Source: pexels.com

Cognitive Behavioral Therapy (CBT)

Considered a widely used approach, it has shown effectiveness in the alleviation of panic disorder, social anxiety disorder, and phobias, among many other conditions. Patients with MSA tend to develop mental illnesses. Thus, CBT can help address distorted perceptions of the way many dysautonomia patients look at the world and themselves. It mainly involves two components:

Cognitive Therapy

Examines the contribution of negative thoughts to your dysautonomia-induced anxiety.

Behavior Therapy

Examines your behavior and help in handling the situation.

Exposure Therapy

People with MSA often experience anxiety. A patient of dysautonomia depends on inconvenient actions to avoid symptoms of fear, and it’s only natural to avoid the things that scare you. However, the problem with this behavior is you never get the opportunity to overcome and walk past it. You can be stuck with fear and do irrational behaviors all your life to evade it, according to doctors.

Exposure therapy allows you to confront your fears. Its objective is to expose you to it numerous times until you gain control over your fear.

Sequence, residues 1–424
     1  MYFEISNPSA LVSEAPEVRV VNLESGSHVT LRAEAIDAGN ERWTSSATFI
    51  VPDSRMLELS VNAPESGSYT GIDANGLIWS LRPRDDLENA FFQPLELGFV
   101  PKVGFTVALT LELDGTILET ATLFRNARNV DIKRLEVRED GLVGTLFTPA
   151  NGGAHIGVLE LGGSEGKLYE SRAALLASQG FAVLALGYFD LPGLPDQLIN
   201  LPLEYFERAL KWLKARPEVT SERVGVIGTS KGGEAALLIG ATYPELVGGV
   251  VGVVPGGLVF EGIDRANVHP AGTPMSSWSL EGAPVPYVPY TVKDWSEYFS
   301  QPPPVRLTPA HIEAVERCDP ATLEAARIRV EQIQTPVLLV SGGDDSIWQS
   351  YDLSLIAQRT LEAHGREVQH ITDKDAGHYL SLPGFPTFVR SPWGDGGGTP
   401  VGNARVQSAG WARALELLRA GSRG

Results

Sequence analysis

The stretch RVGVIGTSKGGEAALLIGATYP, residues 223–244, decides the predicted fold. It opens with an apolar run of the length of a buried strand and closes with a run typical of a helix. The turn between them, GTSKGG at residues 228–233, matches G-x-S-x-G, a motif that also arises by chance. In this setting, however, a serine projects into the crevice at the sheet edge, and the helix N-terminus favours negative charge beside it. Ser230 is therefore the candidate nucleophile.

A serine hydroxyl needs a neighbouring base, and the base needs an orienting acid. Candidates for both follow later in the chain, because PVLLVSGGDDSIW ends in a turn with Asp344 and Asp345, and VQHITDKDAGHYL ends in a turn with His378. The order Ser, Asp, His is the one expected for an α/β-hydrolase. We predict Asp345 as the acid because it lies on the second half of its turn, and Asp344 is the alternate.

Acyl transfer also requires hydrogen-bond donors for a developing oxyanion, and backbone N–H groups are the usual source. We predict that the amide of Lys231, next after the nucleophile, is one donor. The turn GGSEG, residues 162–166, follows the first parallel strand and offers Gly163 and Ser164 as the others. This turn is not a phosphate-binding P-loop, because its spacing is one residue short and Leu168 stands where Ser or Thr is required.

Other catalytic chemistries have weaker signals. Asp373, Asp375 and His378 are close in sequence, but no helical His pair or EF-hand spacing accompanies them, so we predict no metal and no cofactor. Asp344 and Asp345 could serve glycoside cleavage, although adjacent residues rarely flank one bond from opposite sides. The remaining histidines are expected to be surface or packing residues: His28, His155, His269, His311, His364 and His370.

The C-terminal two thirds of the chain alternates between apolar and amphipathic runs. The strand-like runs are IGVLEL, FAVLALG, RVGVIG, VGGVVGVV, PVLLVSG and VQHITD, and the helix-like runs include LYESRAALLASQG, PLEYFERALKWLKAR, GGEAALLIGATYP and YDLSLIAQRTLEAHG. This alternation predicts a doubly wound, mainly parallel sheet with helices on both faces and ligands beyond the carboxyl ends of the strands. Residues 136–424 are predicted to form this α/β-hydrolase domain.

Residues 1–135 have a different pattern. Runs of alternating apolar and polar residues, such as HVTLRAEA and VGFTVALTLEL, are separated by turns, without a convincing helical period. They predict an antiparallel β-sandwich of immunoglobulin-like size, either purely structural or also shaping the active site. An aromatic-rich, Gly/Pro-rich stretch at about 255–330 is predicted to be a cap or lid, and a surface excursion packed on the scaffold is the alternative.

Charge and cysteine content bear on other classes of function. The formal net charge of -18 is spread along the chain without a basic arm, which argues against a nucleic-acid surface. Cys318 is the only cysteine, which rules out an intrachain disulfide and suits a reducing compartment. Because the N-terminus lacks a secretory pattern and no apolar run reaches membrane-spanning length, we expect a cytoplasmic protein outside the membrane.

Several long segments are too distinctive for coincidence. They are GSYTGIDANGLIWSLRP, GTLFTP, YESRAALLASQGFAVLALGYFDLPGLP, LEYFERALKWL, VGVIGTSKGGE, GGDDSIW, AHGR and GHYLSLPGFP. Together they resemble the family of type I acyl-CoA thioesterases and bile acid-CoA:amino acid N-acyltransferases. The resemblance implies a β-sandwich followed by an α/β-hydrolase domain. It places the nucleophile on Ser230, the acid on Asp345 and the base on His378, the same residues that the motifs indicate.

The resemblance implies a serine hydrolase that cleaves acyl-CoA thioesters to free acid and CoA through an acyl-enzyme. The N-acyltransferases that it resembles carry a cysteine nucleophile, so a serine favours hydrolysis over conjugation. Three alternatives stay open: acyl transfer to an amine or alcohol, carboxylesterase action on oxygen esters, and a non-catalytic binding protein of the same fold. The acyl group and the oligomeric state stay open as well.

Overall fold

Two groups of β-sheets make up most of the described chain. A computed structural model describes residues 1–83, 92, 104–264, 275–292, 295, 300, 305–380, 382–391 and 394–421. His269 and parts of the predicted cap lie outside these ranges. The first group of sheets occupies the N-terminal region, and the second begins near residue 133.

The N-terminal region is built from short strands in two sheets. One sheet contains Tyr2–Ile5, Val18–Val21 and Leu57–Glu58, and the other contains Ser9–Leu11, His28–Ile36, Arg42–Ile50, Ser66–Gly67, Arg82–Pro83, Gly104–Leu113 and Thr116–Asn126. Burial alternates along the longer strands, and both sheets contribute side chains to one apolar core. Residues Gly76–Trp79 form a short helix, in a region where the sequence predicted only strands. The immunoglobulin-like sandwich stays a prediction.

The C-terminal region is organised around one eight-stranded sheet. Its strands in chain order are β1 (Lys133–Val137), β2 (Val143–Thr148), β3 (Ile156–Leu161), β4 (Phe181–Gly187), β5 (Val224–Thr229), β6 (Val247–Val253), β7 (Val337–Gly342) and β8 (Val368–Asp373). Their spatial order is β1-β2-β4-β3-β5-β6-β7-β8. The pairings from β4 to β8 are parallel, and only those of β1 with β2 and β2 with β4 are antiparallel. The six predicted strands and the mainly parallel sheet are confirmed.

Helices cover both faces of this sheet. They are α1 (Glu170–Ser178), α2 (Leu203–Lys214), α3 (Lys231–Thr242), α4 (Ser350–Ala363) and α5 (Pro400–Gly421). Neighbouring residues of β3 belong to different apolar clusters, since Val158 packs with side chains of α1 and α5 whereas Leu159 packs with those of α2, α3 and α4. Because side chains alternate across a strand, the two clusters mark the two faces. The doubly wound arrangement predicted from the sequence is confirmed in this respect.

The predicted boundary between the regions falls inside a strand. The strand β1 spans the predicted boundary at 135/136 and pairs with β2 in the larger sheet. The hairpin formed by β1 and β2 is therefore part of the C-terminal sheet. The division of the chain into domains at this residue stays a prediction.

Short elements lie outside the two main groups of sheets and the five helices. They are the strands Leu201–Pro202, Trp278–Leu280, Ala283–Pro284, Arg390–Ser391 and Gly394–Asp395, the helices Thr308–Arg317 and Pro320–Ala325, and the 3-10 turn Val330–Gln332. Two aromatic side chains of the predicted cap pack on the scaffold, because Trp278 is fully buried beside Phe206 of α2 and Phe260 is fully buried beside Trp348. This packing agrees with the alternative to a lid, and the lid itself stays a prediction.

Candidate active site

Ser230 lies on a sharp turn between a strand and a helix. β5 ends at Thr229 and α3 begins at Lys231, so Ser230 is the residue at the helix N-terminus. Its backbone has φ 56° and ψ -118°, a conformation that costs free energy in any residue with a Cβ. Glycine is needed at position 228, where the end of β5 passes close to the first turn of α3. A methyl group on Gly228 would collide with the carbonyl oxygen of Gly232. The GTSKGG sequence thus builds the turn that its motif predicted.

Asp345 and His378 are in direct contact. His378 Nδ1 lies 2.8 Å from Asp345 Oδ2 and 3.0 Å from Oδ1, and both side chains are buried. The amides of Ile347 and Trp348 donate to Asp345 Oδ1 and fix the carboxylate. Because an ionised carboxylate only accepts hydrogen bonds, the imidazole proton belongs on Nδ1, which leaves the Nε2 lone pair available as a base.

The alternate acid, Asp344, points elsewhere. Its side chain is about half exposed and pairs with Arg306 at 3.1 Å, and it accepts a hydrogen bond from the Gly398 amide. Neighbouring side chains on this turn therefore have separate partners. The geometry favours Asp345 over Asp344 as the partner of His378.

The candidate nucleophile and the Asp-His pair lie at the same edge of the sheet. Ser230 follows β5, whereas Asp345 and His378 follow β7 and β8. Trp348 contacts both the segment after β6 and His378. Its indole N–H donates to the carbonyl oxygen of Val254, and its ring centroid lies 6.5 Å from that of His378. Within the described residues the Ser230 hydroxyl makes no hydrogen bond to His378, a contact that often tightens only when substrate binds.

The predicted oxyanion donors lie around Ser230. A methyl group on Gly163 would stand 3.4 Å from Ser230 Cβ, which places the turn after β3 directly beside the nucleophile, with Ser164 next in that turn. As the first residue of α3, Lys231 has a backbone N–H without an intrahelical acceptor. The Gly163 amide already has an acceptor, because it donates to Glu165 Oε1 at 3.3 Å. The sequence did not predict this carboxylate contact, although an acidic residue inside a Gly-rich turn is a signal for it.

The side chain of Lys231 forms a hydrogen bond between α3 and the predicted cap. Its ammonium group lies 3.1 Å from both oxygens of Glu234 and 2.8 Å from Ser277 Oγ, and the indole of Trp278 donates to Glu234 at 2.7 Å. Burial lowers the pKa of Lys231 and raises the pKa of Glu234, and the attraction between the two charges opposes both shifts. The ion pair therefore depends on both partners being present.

Thoughts On Dysautonomia

Primary dysautonomia is an umbrella term that can affect the peripheral nervous system or sympathetic nervous system and physical health of familial dysautonomia patients chronically and progressively. It adversely affects the mental health of dysautonomia patients and increases brain fog and chronic illness symptoms and likely reduces blood flow and high heart rate if you don’t make vast improvements to raise awareness about this medical condition and other autonomic disorders. However, the diagnosed condition won’t be as difficult to cure as it may seem based on research body if you have proper support systems and treatments from healthcare professionals (for example, a physician) in your daily life.

Dysautonomia therapy methods such as talk therapy can ultimately help identify sores in the muscles caused by disorders in the nervous system. So, it’s important for you not to lie to your therapist about your medical history. Give your therapist access to your experiences. Make lives count.


  1. Can you live fully with dysautonomia?
  2. What worsens dysautonomia?
  3. How does an individual with dysautonomia feel?
  4. What is the role of the neurologist for autonomic dysfunction?
  5. Is a person with autonomic dysfunction considered disabled?
  6. What are the different types of dysautonomia?
  7. What can cause autonomic dysfunction?
  8. What kinds of mental health professionals can manage dysautonomia?
  9. What type of dysautonomia is life-threatening despite lifestyle changes?
  10. What is the lifespan of people with dysautonomia?
  11. What organs are affected by dysautonomia?
  12. Can you fully recover from dysautonomia?
  13. How disabling is dysautonomia?
  14. What triggers dysautonomia?
  15. Why do people get dysautonomia?